Searchers never recovered his body even after newspapers ran a $100 reward notice on the front pages in hopes that fishermen or riverboat crews might recover his body in a downstream eddy. The Cleveland company which employed him sent two divers as soon as they heard of the tragedy. The divers found no trace of him. Mr. Dominick Carey, left behind a wife and three young children, the oldest child being only 8 years old.
The terror of drowning is a basic fear. Perhaps this tragedy made an impact on the local psyche. People driving over the Main Street Stone Arch Bridge during wintry mornings report witnessing a strangely attired man on the bridge. He wears a bowler hat fashionable in the late 1800s. Peering over the stone sidewalls, he studies the structure to ascertain its safety for the pedestrians and vehicles crossing Wheeling Creek. It is claimed to be the ghost of Dominick Carey and the phantom supervisor continues inspections to insure the bridge’s safety. Built 123 years ago, the bridge, in spite of Mr Carey’s untimely demise, still stands with the watchful eye of the guardian contractor working to ensure everybody’s safety.
The Flat Iron Building
Bordering the northern edge of this lot, and adding to its phantasmic mystique, sits the 1896 Flat Iron Building. Listed on the National Register of Historic Places, this structure comes under different names (Riverside Iron Works Building, Karnell Building) with a variety of businesses occupying it over the years. This structure gets its common name from the triangular shape of the building. When city streets are laid out, topography or other impediments can cause platting of an odd triangular shaped lot. But the land is still valuable enough for building. The “flat iron” name, for the wedge-shaped design of such buildings, derives from the pointy cast-iron clothes irons once used.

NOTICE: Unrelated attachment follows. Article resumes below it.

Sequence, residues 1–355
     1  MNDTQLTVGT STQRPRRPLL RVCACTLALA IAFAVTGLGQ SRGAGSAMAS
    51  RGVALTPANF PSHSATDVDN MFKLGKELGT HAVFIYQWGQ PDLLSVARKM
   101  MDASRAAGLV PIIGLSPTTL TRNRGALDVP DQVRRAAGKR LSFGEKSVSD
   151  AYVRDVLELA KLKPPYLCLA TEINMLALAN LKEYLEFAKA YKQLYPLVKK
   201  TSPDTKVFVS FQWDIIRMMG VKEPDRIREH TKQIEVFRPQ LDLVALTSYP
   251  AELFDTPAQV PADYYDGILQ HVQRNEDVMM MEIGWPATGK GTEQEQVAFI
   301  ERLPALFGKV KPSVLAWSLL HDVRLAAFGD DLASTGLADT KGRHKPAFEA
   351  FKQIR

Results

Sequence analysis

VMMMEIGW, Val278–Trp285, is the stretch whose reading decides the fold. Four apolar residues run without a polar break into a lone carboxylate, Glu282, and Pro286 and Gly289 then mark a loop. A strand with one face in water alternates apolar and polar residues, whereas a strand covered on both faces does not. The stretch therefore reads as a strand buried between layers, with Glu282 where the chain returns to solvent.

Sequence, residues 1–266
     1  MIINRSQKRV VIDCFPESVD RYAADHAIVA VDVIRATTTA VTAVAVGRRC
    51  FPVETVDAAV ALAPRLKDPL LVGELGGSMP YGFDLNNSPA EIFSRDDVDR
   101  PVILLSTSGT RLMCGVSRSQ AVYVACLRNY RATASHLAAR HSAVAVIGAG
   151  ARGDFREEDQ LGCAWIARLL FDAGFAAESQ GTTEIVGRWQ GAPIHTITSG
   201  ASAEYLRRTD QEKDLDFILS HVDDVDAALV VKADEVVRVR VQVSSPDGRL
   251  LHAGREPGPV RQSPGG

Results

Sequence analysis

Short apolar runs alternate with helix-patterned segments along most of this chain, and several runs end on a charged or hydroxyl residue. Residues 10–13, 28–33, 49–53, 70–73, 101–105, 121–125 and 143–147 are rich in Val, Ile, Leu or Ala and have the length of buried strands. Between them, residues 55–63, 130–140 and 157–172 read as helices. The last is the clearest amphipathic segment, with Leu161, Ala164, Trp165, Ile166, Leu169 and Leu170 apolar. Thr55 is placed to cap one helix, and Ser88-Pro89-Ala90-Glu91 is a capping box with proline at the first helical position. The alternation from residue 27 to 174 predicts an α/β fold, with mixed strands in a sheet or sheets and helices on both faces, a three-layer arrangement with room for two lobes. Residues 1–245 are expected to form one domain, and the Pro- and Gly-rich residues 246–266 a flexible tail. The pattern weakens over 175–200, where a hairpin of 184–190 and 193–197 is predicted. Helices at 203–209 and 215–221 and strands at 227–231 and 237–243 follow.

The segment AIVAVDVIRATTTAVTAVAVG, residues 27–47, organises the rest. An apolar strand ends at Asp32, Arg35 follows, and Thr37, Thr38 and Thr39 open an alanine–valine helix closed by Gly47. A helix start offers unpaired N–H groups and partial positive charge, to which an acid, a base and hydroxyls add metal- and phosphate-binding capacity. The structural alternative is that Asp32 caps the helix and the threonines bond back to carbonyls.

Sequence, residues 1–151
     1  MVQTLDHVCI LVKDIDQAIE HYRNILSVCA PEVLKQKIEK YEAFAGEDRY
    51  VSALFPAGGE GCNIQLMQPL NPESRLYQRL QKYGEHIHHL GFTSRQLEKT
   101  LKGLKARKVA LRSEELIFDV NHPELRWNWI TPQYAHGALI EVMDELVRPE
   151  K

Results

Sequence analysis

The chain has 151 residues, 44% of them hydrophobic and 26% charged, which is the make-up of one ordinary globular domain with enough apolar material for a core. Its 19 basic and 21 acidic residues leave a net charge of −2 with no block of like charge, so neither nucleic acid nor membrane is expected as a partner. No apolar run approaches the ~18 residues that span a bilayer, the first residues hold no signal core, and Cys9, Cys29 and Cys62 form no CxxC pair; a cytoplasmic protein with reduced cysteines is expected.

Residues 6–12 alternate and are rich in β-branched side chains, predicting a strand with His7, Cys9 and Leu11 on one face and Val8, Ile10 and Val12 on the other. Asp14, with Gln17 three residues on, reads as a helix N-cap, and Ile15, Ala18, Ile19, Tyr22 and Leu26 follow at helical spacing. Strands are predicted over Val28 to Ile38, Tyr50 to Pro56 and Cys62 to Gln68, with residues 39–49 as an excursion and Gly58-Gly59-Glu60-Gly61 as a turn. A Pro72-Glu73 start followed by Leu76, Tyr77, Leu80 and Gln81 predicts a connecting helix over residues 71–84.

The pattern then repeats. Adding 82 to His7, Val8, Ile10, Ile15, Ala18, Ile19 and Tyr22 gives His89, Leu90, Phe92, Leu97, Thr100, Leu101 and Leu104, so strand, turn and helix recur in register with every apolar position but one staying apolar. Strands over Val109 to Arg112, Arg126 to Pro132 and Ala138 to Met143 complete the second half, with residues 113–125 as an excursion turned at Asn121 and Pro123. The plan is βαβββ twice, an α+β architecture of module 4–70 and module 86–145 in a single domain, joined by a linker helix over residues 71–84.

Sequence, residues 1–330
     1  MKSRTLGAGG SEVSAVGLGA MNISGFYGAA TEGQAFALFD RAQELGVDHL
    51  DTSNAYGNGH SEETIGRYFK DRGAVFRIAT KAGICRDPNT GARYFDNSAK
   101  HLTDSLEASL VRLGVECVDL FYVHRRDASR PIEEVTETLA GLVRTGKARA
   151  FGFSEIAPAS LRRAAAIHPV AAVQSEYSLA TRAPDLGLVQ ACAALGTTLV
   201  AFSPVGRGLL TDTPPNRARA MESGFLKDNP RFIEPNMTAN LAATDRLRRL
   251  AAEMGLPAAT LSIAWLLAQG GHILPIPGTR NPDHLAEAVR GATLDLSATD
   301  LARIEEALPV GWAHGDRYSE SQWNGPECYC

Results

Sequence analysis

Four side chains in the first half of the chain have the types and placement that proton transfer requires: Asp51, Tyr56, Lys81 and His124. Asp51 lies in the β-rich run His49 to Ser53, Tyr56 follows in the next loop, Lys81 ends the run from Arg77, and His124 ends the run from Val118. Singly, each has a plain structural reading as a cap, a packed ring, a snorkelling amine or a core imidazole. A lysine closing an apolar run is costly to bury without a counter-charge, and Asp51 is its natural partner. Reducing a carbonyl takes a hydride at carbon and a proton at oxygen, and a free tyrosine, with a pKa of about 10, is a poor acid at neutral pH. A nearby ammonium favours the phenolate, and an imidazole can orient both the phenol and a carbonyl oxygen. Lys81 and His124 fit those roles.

Originally three stories, a fourth floor was added at about 1907. Corinthian pilasters border the windows with decorative Romanesque brick arches. Decades later this fourth floor contained rundown apartments which made them affordable to young reporters and other poorly paid professionals. To reach the upper level one entered the first floor which once housed the Stark Artificial Limb Company.
An acquaintance once lived there for a short time. He likes to relate this story:
“I was out drinking late one night and had a tough time lining up the key to unlock the door. I weaved unsteadily with my key scratching the paint around the keyhole, unable to insert it. Then I felt a hand grasping mine and guiding the key into the lock, turning, and opening the entrance door. Mind you, I didn’t see a hand; I only felt one. Once inside I had to make my way down a narrow aisle to the stairway in the back leading to the apartments. Bordering this aisle were display stands with wooden artificial limbs for the Stark Artificial Limb Company, which occupied the first floor. As I staggered my way to the stairs, I kept tripping. When I finally got to the bottom stair, I looked back. Everywhere I tripped lay an artificial wooden leg toes up on the floor. I made it up to my room in record time.
The next day I quit my job, found a new apartment, and got employment in the food service industry. Over the years I worked my way up to head manager. I figured after that spooky night, if I was going to be tripped by legs, they’d better be attached to tables and chairs.”
The historic sequence of this lot reveals a skull, a historic plaque buried by long-gone French frontiersmen, a fort, a ghostly riverboat pilot, a phantom bridge inspector, and wooden limbs tripping you. As for the parking lot itself, still embedded railroad tracks of a bygone era curve across it and then across Main Street under a corrugated metal door of the Boury Building where the rails disappear into its environs. But that’s a mystery for another time.